Patrick Wensink, who loves Jack Daniels, appropriated elements of the whiskey label in the cover for his new novel, Broken Piano for President. Jack Daniels, concerned about brand integrity, requested that the cover be redesigned when the work is reprinted—and even offered to pay part of the cost of changing the design for the initial printing and digital edition if the author is willing to make the changes.
Report shows positive trends for wind power in Michigan
October 24, 2014
Resilient Michigan project helps communities prepare for climate change
October 23, 2014
Scientists are looking for "survivor trees" in Michigan, and they want your help
October 23, 2014
Could scrap rubber help Michigan build better roads?
October 21, 2014
Lake Erie's toxic blooms spark new EPA grants
October 20, 2014
Environmental groups: Proposal to deregulate some toxic air chemicals too risky
October 20, 2014
We are happy to announce that we are opening the previously announced NIH grant development workshop by Beth Schachter and Chris Edwards to faculty members writing NSF proposals. There will be separate NSF and NIH sessions. The workshop will begin Friday Nov 7th with an on-campus session (NSF in the morning, NIH in the afternoon) and continue with webinars at bimonthly intervals. The full schedule is listed below.
Supplementing the workshop, OVPRGS will arrange for peer review from colleagues suggested by the participants and a professional edit of their proposals at the end of the workshop. At the completion of the workshop, a participant can expect to have a full written proposal that has been read by an interdisciplinary group of peers within the workshop, peers in their field outside of the workshop, and a professional editor for content and presentation.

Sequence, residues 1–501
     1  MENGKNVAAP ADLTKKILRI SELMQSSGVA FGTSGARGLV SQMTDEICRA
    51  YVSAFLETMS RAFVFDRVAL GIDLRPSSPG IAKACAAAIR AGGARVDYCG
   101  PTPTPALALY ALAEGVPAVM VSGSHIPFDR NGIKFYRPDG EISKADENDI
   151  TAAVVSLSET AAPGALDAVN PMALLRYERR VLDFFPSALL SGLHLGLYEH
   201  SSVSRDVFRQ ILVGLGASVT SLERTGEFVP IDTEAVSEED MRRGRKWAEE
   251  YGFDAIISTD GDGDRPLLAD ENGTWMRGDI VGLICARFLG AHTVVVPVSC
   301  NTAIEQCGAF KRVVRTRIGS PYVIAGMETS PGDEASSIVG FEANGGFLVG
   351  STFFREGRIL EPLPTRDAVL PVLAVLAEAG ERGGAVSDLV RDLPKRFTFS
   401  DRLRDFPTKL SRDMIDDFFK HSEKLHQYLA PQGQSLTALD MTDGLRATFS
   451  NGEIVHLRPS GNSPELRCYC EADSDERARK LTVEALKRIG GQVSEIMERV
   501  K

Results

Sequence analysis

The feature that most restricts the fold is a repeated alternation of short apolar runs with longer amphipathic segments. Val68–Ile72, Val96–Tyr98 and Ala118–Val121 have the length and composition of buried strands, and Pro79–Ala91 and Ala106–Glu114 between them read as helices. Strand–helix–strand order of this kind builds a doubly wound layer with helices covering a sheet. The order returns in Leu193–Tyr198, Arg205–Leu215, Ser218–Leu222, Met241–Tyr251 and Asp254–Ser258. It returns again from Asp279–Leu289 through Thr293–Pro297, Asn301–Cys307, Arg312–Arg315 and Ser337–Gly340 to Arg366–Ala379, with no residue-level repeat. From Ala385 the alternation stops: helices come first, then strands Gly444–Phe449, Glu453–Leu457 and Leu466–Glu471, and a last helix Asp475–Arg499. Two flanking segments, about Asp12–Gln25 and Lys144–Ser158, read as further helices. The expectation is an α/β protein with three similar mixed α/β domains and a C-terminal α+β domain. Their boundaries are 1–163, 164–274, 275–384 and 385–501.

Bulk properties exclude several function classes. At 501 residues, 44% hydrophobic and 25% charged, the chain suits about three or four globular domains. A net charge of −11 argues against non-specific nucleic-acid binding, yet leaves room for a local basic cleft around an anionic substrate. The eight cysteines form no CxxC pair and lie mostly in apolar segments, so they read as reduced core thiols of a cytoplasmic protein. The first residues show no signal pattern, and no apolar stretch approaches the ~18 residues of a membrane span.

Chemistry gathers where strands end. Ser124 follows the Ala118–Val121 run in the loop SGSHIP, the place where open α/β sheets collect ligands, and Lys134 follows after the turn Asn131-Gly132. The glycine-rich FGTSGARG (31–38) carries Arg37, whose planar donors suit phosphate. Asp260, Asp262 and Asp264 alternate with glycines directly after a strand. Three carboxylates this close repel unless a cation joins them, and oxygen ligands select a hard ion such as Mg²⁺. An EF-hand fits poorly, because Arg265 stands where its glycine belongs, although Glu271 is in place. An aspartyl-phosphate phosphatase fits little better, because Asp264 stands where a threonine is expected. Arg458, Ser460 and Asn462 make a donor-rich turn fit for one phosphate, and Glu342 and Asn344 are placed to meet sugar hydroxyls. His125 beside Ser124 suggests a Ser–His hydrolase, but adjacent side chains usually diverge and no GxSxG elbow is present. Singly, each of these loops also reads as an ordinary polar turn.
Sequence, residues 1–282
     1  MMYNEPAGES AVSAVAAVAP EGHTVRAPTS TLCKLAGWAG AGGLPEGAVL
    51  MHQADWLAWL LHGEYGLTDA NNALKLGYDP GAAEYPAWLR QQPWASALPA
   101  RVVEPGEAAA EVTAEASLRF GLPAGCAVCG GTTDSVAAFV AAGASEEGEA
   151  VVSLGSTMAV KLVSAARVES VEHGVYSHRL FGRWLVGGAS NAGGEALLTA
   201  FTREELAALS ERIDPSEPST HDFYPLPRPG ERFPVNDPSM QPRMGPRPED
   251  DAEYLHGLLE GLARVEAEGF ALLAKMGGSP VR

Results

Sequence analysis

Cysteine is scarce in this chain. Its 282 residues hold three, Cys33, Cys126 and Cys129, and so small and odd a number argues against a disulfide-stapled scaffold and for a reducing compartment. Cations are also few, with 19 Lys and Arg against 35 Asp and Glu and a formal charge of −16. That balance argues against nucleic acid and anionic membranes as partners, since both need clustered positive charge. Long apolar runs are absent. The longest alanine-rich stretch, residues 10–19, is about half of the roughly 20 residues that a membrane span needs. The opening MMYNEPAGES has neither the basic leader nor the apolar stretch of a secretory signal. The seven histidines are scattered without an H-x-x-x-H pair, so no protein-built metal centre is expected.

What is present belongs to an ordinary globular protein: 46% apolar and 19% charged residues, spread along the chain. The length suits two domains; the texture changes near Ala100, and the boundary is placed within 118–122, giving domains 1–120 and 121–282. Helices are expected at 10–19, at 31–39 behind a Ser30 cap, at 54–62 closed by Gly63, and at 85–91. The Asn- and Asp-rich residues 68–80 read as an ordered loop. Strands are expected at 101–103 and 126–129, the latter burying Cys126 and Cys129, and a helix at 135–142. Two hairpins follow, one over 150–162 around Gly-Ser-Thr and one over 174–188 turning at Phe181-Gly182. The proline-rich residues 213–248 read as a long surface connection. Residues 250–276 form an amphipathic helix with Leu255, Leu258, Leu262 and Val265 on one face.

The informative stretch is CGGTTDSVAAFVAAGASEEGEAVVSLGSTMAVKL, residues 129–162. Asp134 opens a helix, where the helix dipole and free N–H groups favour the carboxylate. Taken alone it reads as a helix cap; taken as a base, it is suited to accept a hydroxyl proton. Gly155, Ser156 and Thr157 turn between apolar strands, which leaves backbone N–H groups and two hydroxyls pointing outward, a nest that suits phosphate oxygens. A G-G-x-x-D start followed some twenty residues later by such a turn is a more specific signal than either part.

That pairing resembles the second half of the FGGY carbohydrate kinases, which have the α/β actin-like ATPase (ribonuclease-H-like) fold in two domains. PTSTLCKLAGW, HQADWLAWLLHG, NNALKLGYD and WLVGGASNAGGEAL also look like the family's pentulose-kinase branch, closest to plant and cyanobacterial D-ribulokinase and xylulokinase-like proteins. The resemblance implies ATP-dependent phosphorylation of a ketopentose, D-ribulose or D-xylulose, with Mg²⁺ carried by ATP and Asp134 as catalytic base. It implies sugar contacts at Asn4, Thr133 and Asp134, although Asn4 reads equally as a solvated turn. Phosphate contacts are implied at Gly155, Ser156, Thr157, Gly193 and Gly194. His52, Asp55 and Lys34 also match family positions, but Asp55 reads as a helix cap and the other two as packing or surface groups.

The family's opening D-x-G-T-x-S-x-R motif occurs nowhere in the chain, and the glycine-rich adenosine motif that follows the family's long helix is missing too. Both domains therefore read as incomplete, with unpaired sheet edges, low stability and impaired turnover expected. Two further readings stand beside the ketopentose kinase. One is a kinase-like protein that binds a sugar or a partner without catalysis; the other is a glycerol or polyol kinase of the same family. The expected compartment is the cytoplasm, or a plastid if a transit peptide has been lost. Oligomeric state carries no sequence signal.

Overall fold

On-campus session: 11/7
Webinars: 11/18, 12/2, 12/16, and 1/6/15
If you are interested in participating please reply to this email by October 31st.
(We apologize for the short notice, but this opportunity just became available.)
Director of Analytics and Strategic Projects
The Michigan Supreme Court this week denied a motion to reconsider its July 8 ruling that denied resentencing hearings for inmates serving life sentences without the possibility of parole for crimes they committed as minors.
The order released Wednesday upholds the court’s 4-3 decision in a case involving three prisoners given mandatory life sentences in connection with killings committed when they were 14, 15 and 16 years old, respectively.
The U.S. Supreme Court ruled in 2012 that mandatory life sentencing schemes that fail to consider factors of youth are an unconstitutional form of cruel and unusual punishment, but the nation’s highest court did not say whether that decision should apply retroactively to inmates already behind bars.
Michigan has one of the highest numbers of "juvenile lifers" in the nation due to sentencing reforms made in the 1980s and '90s, and had required mandatory life in prison for both youthful killers and those who aided in the crime.
For the full article, see Jonathan Oosting, "Michigan Supreme Court rejects motion to reconsider 'juvenile lifers' ruling", MLive, October 24, 2014.
Despite meeting a deadline this week to fix a number of administrative issues, 11 Michigan charter school authorizers under threat of suspension by the Michigan Department of Education are not out of hot water yet.
The authorizers met a Wednesday deadline to make fixes on issues such as making sure transparency documents are posted on their schools' websites. MDE acknowledged Thursday those issues have been addressed
But Superintendent Mike Flanagan has made the academic performance of the schools run by these authorizers a key issue in deciding whether he will bar them next month from opening new schools. In letters and e-mails, the authorizers continue to squabble with MDE over how their schools' academic performance should be judged.
The authorizers' argument? Judging a charter school authorizer by lumping all their schools together and getting an average academic ranking will force Michigan's authorizers — about 40 in all — to stop serving the state's poor and minority students, several authorizers said.
For the full article, see David Jesse, Lori Higgins and Jennifer Dixon, "Academic Performance Still At Issue for Charter School Authorizers", Detroit Free Press, October 24, 2014.
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